Happy Hour Writing Session at GrubStreet

Last Friday, I went to GrubStreet, a creative writing center in Boston that has made a huge impact on the local writing community and individual careers, to attend an event called “Happy Hour Writing Session,” which was exactly what it sounds like. Snacks, drinks, and writing prompts were available to those who signed up and a few who didn’t (including myself—oops). GrubStreet offers classes, programs, and various unique events with a dedicated and experienced faculty willing to help students and visitors fulfill their greatest potential. They encourage all kinds of writers to take the time to work on the projects that they often put aside for work, family, and other personal responsibilities.

I was not expecting the class to be so packed at 6:30 on a Friday evening, but the classroom was nearly full when I got there. Unlike in my creative writing classes at school, where my work is critiqued and commented on by only eight other people who know more about me than they should, I felt surprisingly calmer around this large group of strangers than I had anticipated.

I, however, was one of few people pursuing a degree in writing; most of the others already had full-time careers in fields that ranged from nursing to teaching to analyzing computer data, but were trying to squeeze some writing time in for the week in a space that helped them focus and become inspired. Others were retired and trying to discipline themselves to write more every day. Others were there for the first time just to see what it was all about. Diverse as this group of people was, we were all there for the same reason—to write, to relax, and to make good use of one free hour on a Friday night.

digital composite of hands using notebook with graphics

I sat at a table with three other women. JoAnne was retired and a GrubStreet regular; Bridget was a sixth-grade teacher who just completed her first year and was looking to get some writing done during her much-deserved summer off school; Emily was a retired CEO and a great conversation starter who had a goal of taking some time to write at least three times per week.

For the first exercise, we were prompted to describe a color, and whenever we felt stuck or distracted, we would just have to envision that color and write whatever came to mind. No editing, no primping, no perfecting—just writing. After that exercise, some of us shared what we wrote while others simply explained their ideas without reading their work. I chose sea-grass green.

For the second exercise, each table was given a spice and a perfume strip from a magazine, and we were told to write about what those scents inspired in us. I smelled my table’s spice without looking at the label first and immediately thought of Christmas before I even realized the spice was cinnamon. Our box of Christmas decorations sitting in the basement at home that smells like cinnamon because we have ornaments made of stale cinnamon sticks and ginger cookies with in festive ribbon. As a result, I wrote about my family’s twenty-something-year-old, fake, dwindling Christmas tree had it not been for that smell, which I would have never thought of had it not been for the spice sitting on my table.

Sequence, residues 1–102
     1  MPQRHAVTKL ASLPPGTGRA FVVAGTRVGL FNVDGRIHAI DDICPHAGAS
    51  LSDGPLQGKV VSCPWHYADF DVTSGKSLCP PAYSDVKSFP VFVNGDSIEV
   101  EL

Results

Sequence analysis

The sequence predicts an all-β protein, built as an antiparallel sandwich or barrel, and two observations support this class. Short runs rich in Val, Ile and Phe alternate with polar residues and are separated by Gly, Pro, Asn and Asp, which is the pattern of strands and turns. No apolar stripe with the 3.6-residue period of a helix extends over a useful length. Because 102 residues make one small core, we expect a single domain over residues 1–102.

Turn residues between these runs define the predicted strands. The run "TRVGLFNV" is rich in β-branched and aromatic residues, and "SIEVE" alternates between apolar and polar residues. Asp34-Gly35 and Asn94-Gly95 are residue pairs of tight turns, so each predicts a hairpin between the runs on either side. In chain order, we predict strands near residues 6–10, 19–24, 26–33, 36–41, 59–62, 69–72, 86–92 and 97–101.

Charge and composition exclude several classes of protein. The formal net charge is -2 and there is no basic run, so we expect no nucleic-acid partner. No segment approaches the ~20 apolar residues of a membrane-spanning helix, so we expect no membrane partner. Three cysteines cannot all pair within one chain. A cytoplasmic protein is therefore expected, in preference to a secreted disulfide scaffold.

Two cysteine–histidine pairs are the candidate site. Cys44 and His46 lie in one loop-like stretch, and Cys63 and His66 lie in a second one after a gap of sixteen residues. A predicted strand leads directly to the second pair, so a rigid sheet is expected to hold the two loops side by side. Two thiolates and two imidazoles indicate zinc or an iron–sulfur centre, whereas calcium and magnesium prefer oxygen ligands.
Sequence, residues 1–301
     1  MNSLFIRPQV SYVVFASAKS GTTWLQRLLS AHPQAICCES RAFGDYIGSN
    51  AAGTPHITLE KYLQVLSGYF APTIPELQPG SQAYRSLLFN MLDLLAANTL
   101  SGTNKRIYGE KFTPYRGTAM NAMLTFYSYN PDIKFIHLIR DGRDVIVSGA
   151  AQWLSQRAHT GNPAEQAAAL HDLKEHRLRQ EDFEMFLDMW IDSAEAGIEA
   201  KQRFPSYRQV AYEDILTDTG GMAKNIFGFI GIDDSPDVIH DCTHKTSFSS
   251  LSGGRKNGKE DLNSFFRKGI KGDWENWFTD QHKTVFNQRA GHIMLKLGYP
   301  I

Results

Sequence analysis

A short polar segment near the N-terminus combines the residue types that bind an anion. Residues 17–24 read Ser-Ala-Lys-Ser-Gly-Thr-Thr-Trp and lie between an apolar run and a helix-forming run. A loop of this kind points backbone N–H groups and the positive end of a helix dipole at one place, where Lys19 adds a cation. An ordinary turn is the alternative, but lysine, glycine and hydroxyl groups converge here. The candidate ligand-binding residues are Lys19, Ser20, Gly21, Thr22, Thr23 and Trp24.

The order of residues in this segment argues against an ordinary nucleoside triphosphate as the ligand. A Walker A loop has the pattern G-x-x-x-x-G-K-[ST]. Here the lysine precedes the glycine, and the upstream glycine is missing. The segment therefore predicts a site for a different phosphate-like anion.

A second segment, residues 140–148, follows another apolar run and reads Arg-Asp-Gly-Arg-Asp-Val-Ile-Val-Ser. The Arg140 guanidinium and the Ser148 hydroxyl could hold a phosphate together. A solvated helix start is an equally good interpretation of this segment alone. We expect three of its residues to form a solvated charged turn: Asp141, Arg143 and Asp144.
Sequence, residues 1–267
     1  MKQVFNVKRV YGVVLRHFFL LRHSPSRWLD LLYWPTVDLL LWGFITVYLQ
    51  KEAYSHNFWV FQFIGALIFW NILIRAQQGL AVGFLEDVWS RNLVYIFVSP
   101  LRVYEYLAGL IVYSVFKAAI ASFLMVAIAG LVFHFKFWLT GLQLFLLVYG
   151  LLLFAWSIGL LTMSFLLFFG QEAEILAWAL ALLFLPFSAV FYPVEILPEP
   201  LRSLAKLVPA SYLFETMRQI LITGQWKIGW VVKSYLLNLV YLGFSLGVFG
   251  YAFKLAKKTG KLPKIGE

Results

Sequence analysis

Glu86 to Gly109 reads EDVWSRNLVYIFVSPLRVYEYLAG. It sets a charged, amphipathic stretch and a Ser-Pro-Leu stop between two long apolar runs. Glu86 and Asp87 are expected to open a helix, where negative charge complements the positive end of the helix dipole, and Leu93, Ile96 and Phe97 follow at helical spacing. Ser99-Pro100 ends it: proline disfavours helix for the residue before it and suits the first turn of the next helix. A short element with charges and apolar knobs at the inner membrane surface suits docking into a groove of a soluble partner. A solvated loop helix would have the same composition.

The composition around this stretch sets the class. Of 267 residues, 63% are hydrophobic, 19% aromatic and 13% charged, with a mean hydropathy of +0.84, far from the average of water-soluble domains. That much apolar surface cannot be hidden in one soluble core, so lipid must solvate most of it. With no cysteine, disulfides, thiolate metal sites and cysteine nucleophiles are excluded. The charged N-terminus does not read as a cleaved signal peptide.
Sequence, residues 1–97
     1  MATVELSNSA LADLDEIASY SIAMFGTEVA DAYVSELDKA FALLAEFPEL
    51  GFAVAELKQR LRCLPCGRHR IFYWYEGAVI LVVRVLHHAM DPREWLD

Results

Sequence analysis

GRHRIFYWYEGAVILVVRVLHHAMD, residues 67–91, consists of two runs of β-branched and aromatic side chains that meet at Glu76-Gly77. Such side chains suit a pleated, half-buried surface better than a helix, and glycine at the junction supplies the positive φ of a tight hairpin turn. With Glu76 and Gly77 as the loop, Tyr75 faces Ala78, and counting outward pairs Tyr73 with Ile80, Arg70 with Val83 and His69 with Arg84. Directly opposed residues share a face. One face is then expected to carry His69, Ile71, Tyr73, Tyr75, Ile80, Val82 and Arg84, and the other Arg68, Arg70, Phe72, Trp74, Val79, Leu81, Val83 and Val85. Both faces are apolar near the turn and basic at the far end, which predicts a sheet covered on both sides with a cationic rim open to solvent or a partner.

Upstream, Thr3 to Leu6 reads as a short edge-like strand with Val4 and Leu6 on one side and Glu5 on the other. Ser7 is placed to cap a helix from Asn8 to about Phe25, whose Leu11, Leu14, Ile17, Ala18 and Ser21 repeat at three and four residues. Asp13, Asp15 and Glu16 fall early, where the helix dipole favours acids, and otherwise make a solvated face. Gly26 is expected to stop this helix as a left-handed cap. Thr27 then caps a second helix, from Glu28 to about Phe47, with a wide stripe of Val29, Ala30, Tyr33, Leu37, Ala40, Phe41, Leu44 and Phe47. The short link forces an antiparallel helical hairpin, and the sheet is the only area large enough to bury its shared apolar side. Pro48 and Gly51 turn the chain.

Cinnamon Ornaments 7

Finally, we were given our third and final exercise at the end of the hour-long event. We had twenty minutes to write anything using one of several opening lines our instructor had given us for inspiration. I chose to write a passage starting with, “In my second life,” as did Bridget, but we ended up writing completely different exercises. In Bridget’s second life, she was a Broadway singer who could express herself through voice and drama. In my second life, I got my first job at a movie theater was I was sixteen and lived in the same town until college.

It was this duality between our two stories starting with the exact same line that made me realize how different all of us at my table, in the room, in the city, and in the world are. We all have so many different ideas and stories to offer people who are willing to read them, and GrubStreet is willing to help you get to that point.

If you are interested in attending a Happy Hour Writing Session at GrubStreet, see their website and event calendar; don’t forget to sign up!

—Audrey Conklin


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